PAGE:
Data availability statement
Data may be obtained from a third party and are not publicly available. Data are available from the Canadian Longitudinal Study on Aging (www.clsa-elcv.ca) for researchers who meet the criteria for access to deidentified CLSA data.
Patient consent for publication
Ethics approval was granted by Queen’s University Health Sciences and Affiliated Teaching Hospitals Research Ethics Board REH-722-18. Participants gave informed consent to participate in the study before taking part.
This research was made possible using the data/biospecimens collected by the Canadian Longitudinal Study on Aging (CLSA). Funding for the Canadian Longitudinal Study on Aging (CLSA) is provided by the Government of Canada through the Canadian Institutes of Health Research (CIHR) under grant reference: LSA 94473 and the Canada Foundation for Innovation, as well as the following provinces, Newfoundland, Nova Scotia, Quebec, Ontario, Manitoba, Alberta, and British Columbia. This research has been conducted using the CLSA Baseline Tracking Dataset—V.3.7, and Follow-up 1 Tracking Dataset—V.2.2, under Application Number 2104008. The CLSA is led by Drs. Parminder Raina, Christina Wolfson and Susan Kirkland. The AB SCREENTM II, rebranded as SCREEN-8, assessment tool is owned by Dr. Heather Keller. Use of the AB SCREENTM II assessment tool was made under license from the University of Guelph.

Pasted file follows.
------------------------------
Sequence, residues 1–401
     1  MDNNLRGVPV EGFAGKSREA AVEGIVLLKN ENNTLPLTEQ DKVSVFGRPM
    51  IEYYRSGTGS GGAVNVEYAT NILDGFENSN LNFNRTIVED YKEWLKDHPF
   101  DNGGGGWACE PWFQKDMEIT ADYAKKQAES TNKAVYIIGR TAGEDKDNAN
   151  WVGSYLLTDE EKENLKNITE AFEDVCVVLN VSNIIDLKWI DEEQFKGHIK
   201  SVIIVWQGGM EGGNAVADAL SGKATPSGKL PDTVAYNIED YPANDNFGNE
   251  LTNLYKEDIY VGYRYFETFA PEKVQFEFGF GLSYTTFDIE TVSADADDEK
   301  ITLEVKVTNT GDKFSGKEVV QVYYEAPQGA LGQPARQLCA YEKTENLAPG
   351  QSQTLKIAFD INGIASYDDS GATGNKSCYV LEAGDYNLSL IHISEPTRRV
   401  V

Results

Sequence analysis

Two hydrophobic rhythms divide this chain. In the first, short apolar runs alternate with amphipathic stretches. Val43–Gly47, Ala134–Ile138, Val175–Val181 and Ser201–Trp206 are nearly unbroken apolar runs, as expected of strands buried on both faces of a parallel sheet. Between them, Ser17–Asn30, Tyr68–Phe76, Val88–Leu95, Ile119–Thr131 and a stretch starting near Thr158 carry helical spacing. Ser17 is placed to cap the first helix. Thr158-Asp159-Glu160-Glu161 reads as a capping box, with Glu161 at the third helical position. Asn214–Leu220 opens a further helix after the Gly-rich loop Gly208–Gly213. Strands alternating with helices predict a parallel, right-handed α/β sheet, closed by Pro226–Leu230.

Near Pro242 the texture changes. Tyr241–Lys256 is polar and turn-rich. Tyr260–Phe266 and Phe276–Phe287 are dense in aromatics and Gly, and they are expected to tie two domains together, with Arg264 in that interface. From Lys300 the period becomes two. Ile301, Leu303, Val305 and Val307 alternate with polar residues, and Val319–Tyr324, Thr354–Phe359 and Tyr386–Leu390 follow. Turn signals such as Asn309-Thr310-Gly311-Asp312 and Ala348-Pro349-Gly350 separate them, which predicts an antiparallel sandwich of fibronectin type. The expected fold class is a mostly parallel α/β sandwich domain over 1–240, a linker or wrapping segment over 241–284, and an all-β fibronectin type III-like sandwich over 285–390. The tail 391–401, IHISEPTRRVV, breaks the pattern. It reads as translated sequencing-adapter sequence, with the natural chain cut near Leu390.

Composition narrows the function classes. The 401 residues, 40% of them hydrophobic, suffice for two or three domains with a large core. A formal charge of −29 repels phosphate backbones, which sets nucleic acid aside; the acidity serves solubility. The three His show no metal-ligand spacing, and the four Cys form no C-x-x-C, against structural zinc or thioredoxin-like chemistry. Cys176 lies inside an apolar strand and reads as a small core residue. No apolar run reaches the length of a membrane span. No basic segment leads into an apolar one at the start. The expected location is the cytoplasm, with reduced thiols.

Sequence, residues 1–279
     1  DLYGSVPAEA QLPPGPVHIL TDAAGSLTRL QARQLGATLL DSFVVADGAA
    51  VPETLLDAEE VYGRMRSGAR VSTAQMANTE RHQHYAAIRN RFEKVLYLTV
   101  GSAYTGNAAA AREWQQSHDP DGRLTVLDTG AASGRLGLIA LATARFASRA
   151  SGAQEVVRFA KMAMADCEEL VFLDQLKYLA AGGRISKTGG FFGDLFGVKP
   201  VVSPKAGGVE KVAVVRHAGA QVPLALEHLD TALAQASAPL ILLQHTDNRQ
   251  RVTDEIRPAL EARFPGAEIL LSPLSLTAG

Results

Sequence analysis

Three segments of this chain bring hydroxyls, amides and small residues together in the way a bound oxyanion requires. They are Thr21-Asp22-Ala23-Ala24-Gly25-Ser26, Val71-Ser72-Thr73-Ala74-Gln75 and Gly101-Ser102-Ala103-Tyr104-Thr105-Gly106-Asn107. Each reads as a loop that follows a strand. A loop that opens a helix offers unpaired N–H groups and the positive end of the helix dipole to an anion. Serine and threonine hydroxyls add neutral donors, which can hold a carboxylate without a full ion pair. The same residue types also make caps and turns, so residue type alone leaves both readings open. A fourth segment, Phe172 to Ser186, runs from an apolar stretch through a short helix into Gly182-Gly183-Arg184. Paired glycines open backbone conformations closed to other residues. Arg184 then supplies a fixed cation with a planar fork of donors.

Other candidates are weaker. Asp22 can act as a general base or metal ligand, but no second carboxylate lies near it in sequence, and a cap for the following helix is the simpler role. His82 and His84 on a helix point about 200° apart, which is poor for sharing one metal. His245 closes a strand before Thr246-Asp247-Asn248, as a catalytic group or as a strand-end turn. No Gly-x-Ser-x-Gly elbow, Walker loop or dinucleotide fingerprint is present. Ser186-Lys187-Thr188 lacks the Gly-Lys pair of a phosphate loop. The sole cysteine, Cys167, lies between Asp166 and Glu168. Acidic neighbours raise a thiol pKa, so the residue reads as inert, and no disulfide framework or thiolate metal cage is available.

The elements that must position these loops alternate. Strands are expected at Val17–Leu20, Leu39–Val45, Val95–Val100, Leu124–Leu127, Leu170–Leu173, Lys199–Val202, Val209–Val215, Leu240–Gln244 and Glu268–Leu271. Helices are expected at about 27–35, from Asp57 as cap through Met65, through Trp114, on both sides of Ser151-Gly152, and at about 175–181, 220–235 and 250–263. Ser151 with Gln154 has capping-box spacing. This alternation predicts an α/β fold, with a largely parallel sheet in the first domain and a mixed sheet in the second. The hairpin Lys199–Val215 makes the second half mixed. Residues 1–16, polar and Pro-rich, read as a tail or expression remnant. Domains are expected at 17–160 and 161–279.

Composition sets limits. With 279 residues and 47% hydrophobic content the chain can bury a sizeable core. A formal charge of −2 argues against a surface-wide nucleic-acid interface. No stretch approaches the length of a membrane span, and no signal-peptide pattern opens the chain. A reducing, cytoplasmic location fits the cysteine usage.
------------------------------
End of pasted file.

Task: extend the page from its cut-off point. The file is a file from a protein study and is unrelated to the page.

This web only file has been produced by the BMJ Publishing Group from an electronic file supplied by the author(s) and has not been edited for content.
Contributors CMM is the guarantor of this work, and planned the study, performed all statistical analyses, completed the data analysis, and wrote the paper. CD helped to plan the study, supervised the data analysis, and helped revise the manuscript. HHK and VGD helped to plan the study and revise the manuscript.
Funding The authors have not declared a specific grant for this research from any funding agency in the public, commercial or not-for-profit sectors.
Competing interests CMM is supported by scholarships from Queen’s University and Support Our Troops. HK is past chair/co-chair of the Canadian Malnutrition Task Force (CMTF), currently leads the Primary Care working group at CMTF, and is the creator of the SCREEN-8 tool used in this research. CD and VGD declare no conflicts of interest.
Provenance and peer review Not commissioned; externally peer reviewed.
Supplemental material This content has been supplied by the author(s). It has not been vetted by BMJ Publishing Group Limited (BMJ) and may not have been peer-reviewed. Any opinions or recommendations discussed are solely those of the author(s) and are not endorsed by BMJ. BMJ disclaims all liability and responsibility arising from any reliance placed on the content. Where the content includes any translated material, BMJ does not warrant the accuracy and reliability of the translations (including but not limited to local regulations, clinical guidelines, terminology, drug names and drug dosages), and is not responsible for any error and/or omissions arising from translation and adaptation or otherwise.